I must say that I do not know a lot about Angeles, but I will most definitely direct your questions to Dr. Osorio so that he can clarify those points for you, if he may. I can say one thing in a general sense about Villa and Angeles, which I think came through somewhat in the Piñon interview - not by way of what Osorio believes, but in the sense that one gets clues as to why he has such an opinion: Osorio believes that the notion that Angeles was so greatly responsible for the success of Villa is false. Villa had already won five or six major battles in a row where the odds were against him before Angeles arrived in his camp, and that demonstrates the fact that he was a very capable military leader. Villa did not send cavalry charges into barb wire and machineguns. That is false. He used night attacks, and that is why he almost overwhelmed Obregon at Celaya in spite of the odds being so heavily against him. Some authors have dismissed Villa's accusals that he lost at Celaya because of a series of betrayals as the paranoid fantasies of a man who could not admit that his own hubris and ineptitude had led him to his doom. That is a false conclusion. He was indeed betrayed by the Americans and by Zapata, and by the bungling and profiteering of his brother Hipolito, who bought the wrong caliber ammunition because someone offered him a better price and he intended to keep the change. The Americans dealt him two very heavy blows. The first is that they evacuated Veracruz and left a huge stockpile of arms and ammunition there which was, in effect, a gift to Carranza. Next, they took the troops that had served under Mercado at Ojinaga and they sent them across the border at (I think) Piedras Negras where the carrancistas were waiting to induct them into their forces under the command of Pablo Gonzales, who then served under Obregon at Celaya. Zapata just abandoned Puebla and that allowed Obregon clear sailing to come up on Villa's flank and force him to fight in an unfavorable location.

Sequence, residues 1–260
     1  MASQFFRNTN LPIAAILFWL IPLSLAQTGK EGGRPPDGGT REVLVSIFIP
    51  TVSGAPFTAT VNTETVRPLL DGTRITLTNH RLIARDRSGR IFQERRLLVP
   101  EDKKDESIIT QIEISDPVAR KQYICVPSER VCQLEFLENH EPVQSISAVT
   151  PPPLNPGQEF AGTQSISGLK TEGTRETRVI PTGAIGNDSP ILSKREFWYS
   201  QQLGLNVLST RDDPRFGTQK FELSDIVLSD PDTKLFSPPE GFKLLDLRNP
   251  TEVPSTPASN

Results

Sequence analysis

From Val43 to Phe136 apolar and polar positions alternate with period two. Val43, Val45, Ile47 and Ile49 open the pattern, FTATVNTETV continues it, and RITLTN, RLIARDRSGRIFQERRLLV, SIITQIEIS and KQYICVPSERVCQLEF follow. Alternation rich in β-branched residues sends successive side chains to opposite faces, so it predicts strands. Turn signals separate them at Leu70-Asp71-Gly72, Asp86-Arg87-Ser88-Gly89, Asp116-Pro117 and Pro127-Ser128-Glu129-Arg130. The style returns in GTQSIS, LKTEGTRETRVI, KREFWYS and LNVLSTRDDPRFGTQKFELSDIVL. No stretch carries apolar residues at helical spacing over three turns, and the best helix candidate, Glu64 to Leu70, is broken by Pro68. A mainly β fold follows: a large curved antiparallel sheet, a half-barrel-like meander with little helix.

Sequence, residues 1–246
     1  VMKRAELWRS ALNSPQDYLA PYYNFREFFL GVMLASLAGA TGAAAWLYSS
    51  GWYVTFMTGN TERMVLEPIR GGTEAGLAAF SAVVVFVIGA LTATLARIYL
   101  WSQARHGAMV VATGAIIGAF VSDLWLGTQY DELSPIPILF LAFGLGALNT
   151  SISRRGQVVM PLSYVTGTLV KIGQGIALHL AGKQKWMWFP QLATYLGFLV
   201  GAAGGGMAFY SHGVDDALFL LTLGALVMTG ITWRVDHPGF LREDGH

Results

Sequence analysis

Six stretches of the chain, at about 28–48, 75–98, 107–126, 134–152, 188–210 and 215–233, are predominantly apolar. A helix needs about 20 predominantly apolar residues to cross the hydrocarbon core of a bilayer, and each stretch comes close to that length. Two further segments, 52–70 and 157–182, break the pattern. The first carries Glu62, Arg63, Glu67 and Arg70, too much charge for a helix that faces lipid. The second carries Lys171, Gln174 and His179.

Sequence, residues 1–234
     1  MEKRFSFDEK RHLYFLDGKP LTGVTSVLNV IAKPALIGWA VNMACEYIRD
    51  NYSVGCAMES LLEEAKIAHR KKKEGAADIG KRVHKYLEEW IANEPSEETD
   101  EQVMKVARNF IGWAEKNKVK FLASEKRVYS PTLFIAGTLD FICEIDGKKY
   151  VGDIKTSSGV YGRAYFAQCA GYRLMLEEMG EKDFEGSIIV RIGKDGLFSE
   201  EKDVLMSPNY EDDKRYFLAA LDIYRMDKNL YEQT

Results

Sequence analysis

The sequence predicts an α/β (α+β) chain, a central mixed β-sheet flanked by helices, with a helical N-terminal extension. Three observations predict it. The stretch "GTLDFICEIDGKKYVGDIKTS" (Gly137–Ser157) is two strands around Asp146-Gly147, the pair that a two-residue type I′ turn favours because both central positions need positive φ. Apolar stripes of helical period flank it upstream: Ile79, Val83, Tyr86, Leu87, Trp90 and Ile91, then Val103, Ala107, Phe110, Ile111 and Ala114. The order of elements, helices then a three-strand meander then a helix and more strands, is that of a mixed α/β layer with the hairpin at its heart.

There was nothing that Angeles or anyone else could have done to overcome these unforseen circumstances, and Villa did his best; and indeed, he probably would have routed Obregon if it were not for the ammunition crisis. Obregon did not rout Villa, however, because he was able to organize and orderly retreat. On a side note, Obregon was not the military genius he is made out to be, either, but that is another matter.
         
        By the way, I have the last copy in existence of Osorio's "Ese Villa desconocido", which is his most complete collection of interviews, published in 1990, with the forward by Katz, and it is indeed fascinating. I finally know, for instance, what happened with Villa's head. More on that in my next installment! Right now I have to go.